Saturday, May 12, 2007

It doesn't mean they're not after you

Thomas H Cook's The Chatham School Affair is one of my all time favorite mysteries. Yes, the plot is excellent, but unlike so many other mystery stories, it is emotionally resonant as well. I saw good notices for his newest, the Cloud of Unknowing, so I gave it a shot. In the book, a mentally ill boy drowns and the mother suspects the father. Complicating matters is that grandfather was a paranoid schizophrenic and the mother's brother suspects she is becoming unhinged as well.

I liked rather than loved this one. Cook provides all kinds of tension with a two track narrative. Long flashbacks are broken up by an conversation, which may be an interrogation, of the brother by the local police detective. This provides the dual tension as we follow the original death and the subsequent tragedies.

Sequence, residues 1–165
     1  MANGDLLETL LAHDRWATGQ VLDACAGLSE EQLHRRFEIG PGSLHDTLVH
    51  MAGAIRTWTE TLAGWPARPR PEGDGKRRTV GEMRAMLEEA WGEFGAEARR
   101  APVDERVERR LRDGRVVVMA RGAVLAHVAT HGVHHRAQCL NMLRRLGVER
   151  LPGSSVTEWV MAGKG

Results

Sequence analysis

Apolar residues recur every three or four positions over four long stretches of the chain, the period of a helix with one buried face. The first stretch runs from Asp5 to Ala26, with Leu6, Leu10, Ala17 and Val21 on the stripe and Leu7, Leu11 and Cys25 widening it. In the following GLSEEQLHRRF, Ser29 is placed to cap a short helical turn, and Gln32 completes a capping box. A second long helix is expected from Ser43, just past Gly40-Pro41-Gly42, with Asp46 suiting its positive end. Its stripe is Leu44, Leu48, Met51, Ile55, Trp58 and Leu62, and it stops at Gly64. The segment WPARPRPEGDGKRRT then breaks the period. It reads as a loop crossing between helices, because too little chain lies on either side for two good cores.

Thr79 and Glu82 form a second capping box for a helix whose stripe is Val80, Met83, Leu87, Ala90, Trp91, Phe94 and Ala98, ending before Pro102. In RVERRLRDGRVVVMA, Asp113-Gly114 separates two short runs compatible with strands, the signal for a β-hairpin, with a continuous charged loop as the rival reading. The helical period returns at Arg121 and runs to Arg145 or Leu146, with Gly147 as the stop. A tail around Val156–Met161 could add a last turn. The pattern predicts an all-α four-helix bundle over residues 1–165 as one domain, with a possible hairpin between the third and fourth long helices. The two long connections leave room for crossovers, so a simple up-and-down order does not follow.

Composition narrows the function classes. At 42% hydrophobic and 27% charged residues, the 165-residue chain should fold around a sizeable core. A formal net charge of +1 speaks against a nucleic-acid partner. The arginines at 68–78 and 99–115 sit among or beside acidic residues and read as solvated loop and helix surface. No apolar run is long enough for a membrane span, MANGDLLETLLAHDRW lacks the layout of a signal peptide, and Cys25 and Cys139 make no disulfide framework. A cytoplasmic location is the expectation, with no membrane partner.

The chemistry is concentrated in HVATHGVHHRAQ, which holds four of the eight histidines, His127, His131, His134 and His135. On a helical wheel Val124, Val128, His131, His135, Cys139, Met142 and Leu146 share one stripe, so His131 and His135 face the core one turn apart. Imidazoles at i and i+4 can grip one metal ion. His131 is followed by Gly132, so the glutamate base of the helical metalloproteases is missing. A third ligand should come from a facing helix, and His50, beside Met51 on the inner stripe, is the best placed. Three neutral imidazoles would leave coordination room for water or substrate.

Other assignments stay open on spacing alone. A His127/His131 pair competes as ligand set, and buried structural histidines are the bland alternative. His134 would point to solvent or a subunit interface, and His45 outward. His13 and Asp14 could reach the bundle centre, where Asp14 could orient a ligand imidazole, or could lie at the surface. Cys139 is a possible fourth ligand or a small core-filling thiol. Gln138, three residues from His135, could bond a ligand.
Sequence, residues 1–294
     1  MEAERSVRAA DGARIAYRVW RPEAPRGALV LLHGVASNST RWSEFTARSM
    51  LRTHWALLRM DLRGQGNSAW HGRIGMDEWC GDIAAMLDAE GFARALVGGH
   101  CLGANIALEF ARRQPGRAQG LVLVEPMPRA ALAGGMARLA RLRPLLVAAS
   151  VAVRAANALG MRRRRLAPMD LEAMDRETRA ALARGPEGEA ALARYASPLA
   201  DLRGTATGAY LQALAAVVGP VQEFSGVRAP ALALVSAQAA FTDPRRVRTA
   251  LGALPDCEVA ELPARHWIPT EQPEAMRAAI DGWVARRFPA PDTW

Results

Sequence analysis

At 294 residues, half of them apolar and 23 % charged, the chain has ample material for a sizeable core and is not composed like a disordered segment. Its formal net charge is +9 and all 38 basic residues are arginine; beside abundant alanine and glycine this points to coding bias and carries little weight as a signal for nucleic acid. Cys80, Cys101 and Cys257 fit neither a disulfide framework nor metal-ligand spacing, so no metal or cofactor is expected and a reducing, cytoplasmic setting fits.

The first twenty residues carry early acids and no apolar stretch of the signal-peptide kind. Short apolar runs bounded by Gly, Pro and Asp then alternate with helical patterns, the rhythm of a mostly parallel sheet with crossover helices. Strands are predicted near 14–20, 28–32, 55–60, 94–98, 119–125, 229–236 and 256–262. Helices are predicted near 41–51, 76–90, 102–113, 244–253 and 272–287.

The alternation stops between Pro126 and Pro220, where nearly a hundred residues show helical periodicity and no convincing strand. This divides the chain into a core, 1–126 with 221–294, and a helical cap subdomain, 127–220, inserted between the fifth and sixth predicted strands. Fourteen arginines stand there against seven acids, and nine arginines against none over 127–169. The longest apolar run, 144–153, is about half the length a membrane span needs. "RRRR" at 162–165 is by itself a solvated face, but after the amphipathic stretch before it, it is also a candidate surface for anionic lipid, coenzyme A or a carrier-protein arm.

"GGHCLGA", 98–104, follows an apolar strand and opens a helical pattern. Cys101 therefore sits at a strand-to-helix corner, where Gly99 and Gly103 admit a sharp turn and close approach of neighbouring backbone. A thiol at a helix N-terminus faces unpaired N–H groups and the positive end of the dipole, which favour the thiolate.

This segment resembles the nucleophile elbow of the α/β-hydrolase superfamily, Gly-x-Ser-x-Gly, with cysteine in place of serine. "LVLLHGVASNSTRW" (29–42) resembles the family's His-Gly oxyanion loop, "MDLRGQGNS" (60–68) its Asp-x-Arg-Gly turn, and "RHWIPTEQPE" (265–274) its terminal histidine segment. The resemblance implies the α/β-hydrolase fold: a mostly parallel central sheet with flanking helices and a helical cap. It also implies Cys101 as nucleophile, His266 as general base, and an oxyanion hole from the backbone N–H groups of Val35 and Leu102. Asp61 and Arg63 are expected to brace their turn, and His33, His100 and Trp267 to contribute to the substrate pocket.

Cook is interested in how families can bend and break under pressure and this book is no exception. The inter-relationships of the family members provide a few very good emotional wallops. They don't have the gut punch that the Chatham School Affair's do, but they are still terribly sad.

I've heard that Cook's Red Leaves is an equal to the Chatham School Affair, so I plan to give that one a try.

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